4 stars
Wanna get mad? Mad of the that-makes-me-so-angry-I-could-kick-a-puppy kind of mad? Adam McKay has the film for you.
Set in the months preceding the GFC of 2007/8, The Big Short (co-written with The Interpreter's Charles Randolph), tells the interconnected story of six men who made their fortunes betting against the banks. They could see that a big chunk of the sky was about to fall but since no one would take them seriously, they took matters into their own hands.

Michael Moore's 2009 documentary Capitalism: A Love Story is non-essential but useful homework, telling as it does how the American (and therefore the global) financial system was sitting atop a house of cards made of junk. Literally. Junk bonds are at the heart of this insanity. Once the rot set in and the system cracked, some people were poised to make a killing while those around them perished. That line of people, if Moore is to be believed, went all the way to the White House.

Meanwhile McKay focuses his attention on the true story of three traders (Christian Bale - American Hustle, Ryan Gosling - The Place Beyond The Pines - and Steve Carell - Foxcatcher) who could read the numbers. A deeply paranoid fourth (Brad Pitt - Fury) is brought into the fold by two young entrepreneurs who get wind of the inevitable crash. In separate, vaguely connected dealings they short the system, betting against the banks who remain steadfast that a housing market which had never crashed, never would. So far so CSI: Wall Street. What makes this exceptional is the wit, humour and sheer inventiveness that McKay brings to the telling.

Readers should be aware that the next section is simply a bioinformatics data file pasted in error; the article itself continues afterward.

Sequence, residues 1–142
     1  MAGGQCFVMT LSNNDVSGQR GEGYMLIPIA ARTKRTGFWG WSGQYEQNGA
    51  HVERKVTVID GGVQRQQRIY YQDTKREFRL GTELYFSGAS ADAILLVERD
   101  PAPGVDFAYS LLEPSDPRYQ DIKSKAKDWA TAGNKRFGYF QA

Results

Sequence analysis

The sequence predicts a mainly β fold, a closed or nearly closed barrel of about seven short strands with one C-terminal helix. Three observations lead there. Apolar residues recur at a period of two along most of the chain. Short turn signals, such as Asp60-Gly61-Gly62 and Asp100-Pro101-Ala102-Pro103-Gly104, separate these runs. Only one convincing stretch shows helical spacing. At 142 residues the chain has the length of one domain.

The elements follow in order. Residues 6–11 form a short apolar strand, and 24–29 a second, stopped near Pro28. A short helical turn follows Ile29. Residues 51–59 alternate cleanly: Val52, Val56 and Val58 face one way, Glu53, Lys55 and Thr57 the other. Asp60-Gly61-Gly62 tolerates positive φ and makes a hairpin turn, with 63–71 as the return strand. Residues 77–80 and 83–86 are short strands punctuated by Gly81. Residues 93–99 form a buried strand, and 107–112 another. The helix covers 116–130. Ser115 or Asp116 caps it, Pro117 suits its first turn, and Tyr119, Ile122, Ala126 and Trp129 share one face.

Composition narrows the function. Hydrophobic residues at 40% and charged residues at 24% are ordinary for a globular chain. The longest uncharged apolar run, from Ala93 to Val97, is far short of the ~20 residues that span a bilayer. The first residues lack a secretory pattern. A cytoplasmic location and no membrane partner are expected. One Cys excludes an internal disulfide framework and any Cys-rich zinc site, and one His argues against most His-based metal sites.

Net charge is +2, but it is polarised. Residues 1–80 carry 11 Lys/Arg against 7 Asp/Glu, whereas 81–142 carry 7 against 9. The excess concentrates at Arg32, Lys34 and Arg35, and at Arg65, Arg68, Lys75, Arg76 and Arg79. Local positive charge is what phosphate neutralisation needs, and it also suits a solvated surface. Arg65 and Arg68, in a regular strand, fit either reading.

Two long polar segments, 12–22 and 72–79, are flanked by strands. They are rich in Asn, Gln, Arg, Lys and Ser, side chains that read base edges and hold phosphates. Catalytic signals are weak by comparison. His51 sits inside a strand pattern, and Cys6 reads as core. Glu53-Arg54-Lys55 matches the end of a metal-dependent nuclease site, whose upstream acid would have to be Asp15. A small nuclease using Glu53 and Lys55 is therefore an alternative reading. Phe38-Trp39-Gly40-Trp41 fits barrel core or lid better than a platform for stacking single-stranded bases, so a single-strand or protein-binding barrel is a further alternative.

Gosling is the guide, a steely eyed narrator who frequently breaks the fourth wall with an explanatory wink to camera. Useful when it comes to navigating the complicated world of hedge funds, securities and financial packages which those in the sector barely understood (what hope had we?). He's an opportunist linking Bale's eccentric prophet and Carell's furious idealist whose tolerance of Wall St corruption has all but run out (see above re White House). Yet these men, all of them, are traders foremost. Money keeps their hearts beating.

Then, in moments of delightful whimsy, McKay wheels out Margo Robbie to explain the complicated bits. From a bubble bath. Or Anthony Bourdain in a kitchen who colourfully relates that: 'Bonds are dog shit. CDO's are dog shit wrapped in cat shit'. Disturbingly, it makes as much sense as the reality of this world, which made no sense at all (and quite likely, still doesn't). McKay doesn't let these tonal swings overwhelm the crux of the story, well aware that his protagonists are far from avenging crusaders. These are people who bet against the wellbeing of their fellow Americans, and in Pitt's case, bet against America itself. There's a whisper of troubled morality in the narrative, one all but drowned by the steady drumbeat of money.

When the new dawn inevitably rises (wonderfully set on a blinding morning in Vegas, the analogy is delicious), the fallout has begun. It wraps a story that pins down what for most is a farcical shell game and hands back to films like 99 Homes which defined the next chapter in this sorry saga. The Big Short is the movie that Wolf Of Wall Street wasn't, capturing the astonishing inhumanity of capitalism in the most compelling, vivid and entertaining light. Just prepared to get angry (and remember to hide your puppy).


Previewed at Event Cinemas, George St, Sydney, on 7 December 2015

Ryan Gosling
Christian Bale
Brad Pitt
Steve Carrell

Adam McKay

Charles Randolph



130 minutes

January 14, 2016
The Big Short (2015) on IMDb
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